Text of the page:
Happy New Year, the World is Ending

I started writing this back in January, right after Kobe Bryant died. Much has changed since then.

2020 started with an impeached President, dire climate warnings, and the death of a beloved basketball star. It can only get better from here. [UPDATE: actually, it can get a lot worse.]

I read this article imagining that the world population finally gets its shit together in the next ten years. It shows how, with radical (though very doable) change, we can make our quality of life so much better than it is now. Also, I found two articles dealing with possible cures for cancer. One comes from T-cells that latch onto cancer cells — and only cancer cells — while the other comes from a man’s very aggressive T-cells, which have shrunk life-threatening cancers in his system and rendered masses that should be cancerous, non-cancerous.

With John Bolton’s “bombshell,” the Republicans might actually have to follow the Constitution and the rules of a trial and actually call witnesses [UPDATE: not happening because Republicans have had all their spines removed, minus Mitt Romney). I’m not holding my breath that two-thirds of the Senate will vote to remove him, but anything is possible [UPDATE: also not happening]. Hopefully Pence also gets caught up in this scandal and is removed. More likely is that people who usually don’t vote in elections get so pissed off that they vote in this next one and remove all Republicans from power [still waiting on the update for this one, but their handling of COVID-19 is making this scenario look more and more likely].

MARCH 2020: I wasn’t sure how to proceed with this post after the Senate didn’t do its job and remove a criminal President from office (nor censure him), but then a pandemic came along. Gatherings have been limited since last Wednesday. I’ve been out of a job since Friday the 13th (they closed the theaters where I work). Restaurants and bars have been closed since Tuesday, except for take-out and delivery.

I’m in the middle of writing diary entries about the approaching pandemic, and if it gets worse, I’ll have even more time to write about it. In the meantime, here’s what supermarkets around here look like:

At a local Safeway on Tuesday of last week
At a local Fred Meyer late last week.

Grocery stores and hospitals seem to be on the front lines of this pandemic. Many stores have reduced hours, and/or offer senior-only shopping hours early in the morning. If we’re really 10 days behind Italy, a complete lockdown (or as close as can be mustered) might be in our future — unless our experiments with social distancing and hand-washing work. Some people are paying attention, but looking around Seattle, I see many people who walk around as if invincible. Even if the symptoms of the disease are mild (and mild only means “no need for hospitalization”), having any kind of flu (particularly one that could lead to pneumonia, which could lead to death), is not something I want to risk, even if I’m young and healthy.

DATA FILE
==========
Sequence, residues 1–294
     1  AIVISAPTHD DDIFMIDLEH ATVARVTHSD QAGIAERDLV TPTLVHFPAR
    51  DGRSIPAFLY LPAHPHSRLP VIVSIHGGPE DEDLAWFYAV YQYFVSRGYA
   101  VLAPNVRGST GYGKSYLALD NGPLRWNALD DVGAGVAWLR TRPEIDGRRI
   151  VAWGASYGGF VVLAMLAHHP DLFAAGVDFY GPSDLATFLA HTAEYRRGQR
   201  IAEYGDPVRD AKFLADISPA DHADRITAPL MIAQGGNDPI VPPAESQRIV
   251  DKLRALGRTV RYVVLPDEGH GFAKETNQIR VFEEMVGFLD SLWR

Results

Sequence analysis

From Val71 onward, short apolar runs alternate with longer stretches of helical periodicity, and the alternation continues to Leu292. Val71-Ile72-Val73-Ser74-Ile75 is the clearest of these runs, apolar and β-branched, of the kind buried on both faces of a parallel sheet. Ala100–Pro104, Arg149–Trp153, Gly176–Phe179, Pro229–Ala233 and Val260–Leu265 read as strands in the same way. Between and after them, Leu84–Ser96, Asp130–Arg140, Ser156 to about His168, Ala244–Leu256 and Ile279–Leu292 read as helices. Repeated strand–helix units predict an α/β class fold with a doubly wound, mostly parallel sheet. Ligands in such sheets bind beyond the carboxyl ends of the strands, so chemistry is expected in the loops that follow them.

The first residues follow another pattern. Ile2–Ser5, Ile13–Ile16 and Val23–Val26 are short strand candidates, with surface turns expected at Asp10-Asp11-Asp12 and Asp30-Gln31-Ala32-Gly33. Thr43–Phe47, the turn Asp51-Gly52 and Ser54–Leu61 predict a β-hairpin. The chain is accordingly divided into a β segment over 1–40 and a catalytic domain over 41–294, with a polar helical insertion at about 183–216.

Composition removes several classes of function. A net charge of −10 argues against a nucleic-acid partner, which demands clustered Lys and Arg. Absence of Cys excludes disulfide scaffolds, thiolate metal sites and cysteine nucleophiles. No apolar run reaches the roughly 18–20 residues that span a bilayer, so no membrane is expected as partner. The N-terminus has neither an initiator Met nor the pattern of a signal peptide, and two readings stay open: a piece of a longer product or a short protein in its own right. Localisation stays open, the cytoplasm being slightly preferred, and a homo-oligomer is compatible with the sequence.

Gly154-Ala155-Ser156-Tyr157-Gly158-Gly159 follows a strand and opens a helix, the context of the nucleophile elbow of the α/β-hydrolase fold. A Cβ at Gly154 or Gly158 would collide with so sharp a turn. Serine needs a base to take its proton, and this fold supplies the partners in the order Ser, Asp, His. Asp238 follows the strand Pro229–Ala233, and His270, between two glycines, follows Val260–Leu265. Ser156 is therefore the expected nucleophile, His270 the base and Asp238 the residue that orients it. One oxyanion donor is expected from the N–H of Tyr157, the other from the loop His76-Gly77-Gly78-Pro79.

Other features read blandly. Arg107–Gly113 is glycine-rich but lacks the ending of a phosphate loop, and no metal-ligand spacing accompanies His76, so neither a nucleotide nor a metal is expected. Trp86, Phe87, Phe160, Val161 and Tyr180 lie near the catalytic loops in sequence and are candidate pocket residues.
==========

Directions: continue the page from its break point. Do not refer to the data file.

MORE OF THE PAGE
But there is hope. Helpers are everywhere. For cinema staff who were furloughed along with me, our GoFundMe campaign raised $20,000 in less than two days (and it’s still going). People I hadn’t heard from in ages offered aid, advice, and empathy. I received texts and messages from so many people that first weekend that I spent most of that Friday and Saturday crying at their generosity.

Also, while COVID-19 is much worse than the flu (for starters, there is no vaccine or cure), it’s not as bad as the Black Death (which wiped out almost a third of Europe) and it isn’t targeting young, healthy individuals, like the second wave of the Spanish Flu did (though the mortality rate is about the same). Maybe, too, people will realize that healthcare should be a right, not a for-profit business, and people who are trying to profit off this tragedy will be thrown out of Congress. Maybe we’ll start taxing the rich more so that we can have emergency funds stowed away for these types of emergencies, rather than send people a one-time payment for less money than most of them pay for rent. Finally, at some point, this virus will be beaten by herd immunity and/or a vaccine. In fact, I hope this disease is a death-knell to the anti-vaxxer movement.

I leave you with this: one of my friends decided to play all 24 studies in J.S. Bach’s The Well-Tempered Clavier Book 1 as a Lenten project. She began posting videos right before COVID-19 jumped to American shores. As a balm to the daily updates of death, infections, and incompetent leadership, they are essential listening. Enjoy.

Follow Kristina Lee on Youtube for more: https://www.youtube.com/channel/UCchfWQB20iXHsXdjtmjxn2g/playlists

Elementary School in the 80s

When I went to elementary school, teachers could still smoke in the teachers lounge. That rule, in fact, changed while I was in first or second grade.

The lounge was in a room off the cafeteria. We students could either buy hot lunch in the cafeteria or bring our own. If we brought our own lunch, we had places to keep it in the classroom, along with our coats and bags. There weren’t any fridges, so lunchboxes and thermoses were our friends, though some people brought bag lunches. Lunchboxes showed off popular cartoons or TV shows. My first lunchbox was a metal He-Man one. I later got a plastic one that had a plastic clasp instead of two metal ones. I don’t remember what was on that one.